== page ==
Steering, brakes and handling have also been greatly improved across the SL lineup. The new Direct-Steer system continually varies the steering ratio depending on the front wheel angle, speed and load forces on the suspension components. Also, the revised Active Body Control features computer-controlled shock absorbers that constantly control body movement depending on the car's speed, steering angle and other factors. The overall result is a better SL (particularly in AMG form) that provides excellent feedback and flat cornering at any speed.
The 2009 Mercedes-Benz SL-Class lineup represents a big improvement over past SLs. The car's ability to be both a smooth-riding boulevard cruiser and back-road-storming sports car is truly impressive. Plus, no other convertible in this premium price range offers the versatility of the quick-stowing hardtop (which can feature a glass sunroof). But the AMG versions -- particularly the SL65 and absurd SL65 Black Series -- can be tough to justify, since other cars like the Audi R8, Aston Martin V8 Vantage and Porsche 911 Turbo offer more performance and prestige for the same price -- or less.
Trim levels & features
The 2009 Mercedes-Benz SL-Class is a two-seat roadster with a retractable hardtop available in five models: SL550, SL600, SL63 AMG, SL65 AMG and SL65 AMG Black Series.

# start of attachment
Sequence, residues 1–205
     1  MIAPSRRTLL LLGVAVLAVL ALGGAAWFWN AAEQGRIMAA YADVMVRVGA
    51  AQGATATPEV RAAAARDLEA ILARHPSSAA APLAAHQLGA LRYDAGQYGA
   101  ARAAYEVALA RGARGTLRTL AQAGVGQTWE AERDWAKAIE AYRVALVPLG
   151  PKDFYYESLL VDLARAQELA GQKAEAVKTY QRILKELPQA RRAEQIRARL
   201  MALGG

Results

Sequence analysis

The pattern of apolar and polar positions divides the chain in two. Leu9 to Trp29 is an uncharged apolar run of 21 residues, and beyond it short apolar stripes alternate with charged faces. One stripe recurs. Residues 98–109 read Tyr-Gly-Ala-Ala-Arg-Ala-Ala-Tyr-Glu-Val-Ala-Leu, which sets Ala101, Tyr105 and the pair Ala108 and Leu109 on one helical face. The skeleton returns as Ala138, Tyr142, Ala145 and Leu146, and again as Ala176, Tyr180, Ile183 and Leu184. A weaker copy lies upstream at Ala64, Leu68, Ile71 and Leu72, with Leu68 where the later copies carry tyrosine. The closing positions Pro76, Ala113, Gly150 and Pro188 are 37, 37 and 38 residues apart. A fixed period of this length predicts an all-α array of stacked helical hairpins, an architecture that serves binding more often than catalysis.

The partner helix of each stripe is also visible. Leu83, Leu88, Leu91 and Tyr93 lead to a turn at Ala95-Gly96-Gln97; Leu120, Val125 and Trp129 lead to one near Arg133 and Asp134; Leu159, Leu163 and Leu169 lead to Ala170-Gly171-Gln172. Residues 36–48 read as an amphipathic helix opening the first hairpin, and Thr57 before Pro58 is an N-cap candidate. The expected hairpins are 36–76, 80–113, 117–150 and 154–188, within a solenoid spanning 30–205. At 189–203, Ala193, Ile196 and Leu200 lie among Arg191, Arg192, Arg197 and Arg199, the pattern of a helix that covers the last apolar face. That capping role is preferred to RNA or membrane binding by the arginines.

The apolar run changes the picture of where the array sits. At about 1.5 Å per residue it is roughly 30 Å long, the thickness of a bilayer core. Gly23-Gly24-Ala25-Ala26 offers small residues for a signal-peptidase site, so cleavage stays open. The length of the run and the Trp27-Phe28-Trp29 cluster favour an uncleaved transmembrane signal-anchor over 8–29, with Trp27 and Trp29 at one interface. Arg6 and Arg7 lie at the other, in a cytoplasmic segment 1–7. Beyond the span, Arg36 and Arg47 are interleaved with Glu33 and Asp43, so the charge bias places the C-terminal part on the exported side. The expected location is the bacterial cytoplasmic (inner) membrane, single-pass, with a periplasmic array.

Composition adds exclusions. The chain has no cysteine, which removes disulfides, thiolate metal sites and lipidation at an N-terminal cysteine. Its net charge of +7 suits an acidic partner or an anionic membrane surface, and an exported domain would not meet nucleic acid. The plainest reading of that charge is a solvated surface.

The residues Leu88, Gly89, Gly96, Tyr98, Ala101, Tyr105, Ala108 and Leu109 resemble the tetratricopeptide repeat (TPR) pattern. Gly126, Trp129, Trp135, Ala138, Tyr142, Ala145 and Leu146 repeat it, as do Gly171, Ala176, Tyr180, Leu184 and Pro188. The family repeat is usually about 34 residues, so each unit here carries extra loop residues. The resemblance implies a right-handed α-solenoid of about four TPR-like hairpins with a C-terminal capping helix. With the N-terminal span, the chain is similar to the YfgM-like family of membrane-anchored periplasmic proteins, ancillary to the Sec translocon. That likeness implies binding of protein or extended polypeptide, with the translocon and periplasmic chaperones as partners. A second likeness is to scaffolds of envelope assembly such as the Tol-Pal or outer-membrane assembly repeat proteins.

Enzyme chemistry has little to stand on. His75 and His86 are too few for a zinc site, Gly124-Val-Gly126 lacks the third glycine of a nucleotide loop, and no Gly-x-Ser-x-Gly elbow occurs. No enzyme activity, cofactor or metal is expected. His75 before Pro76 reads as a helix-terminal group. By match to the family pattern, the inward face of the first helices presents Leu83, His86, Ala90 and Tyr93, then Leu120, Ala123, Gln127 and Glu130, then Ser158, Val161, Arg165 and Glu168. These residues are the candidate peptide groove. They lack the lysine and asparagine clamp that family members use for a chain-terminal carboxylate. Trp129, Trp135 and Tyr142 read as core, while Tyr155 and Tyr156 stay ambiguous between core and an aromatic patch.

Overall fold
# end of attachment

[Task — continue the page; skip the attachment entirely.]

Standard features on the SL550 include 18-inch wheels; an active suspension system; active bi-xenon headlamps; a wind deflector; heated wipers and washer nozzles; rain-sensing wipers; auto-locking interior storage bins; dual-zone automatic climate control (with sensors that detect sun position, roof and window position, humidity/dew point and the number of vehicle occupants); power tilt/telescoping steering wheel; 12-way heated power front seats with memory; leather upholstery; Bluetooth; Mercedes-Benz's COMAND electronics interface; a navigation system; and a Harmon Kardon Logic7 surround-sound stereo with six-CD/DVD changer, iPod integration, SD memory card reader and an in-car hard drive for digital music storage. The SL63 AMG adds a 6.2-liter V8, Speedshift MCT transmission, 19-inch wheels, AMG exterior and interior trim, and multicontour sport seats with multiple lumbar and bolster adjustments.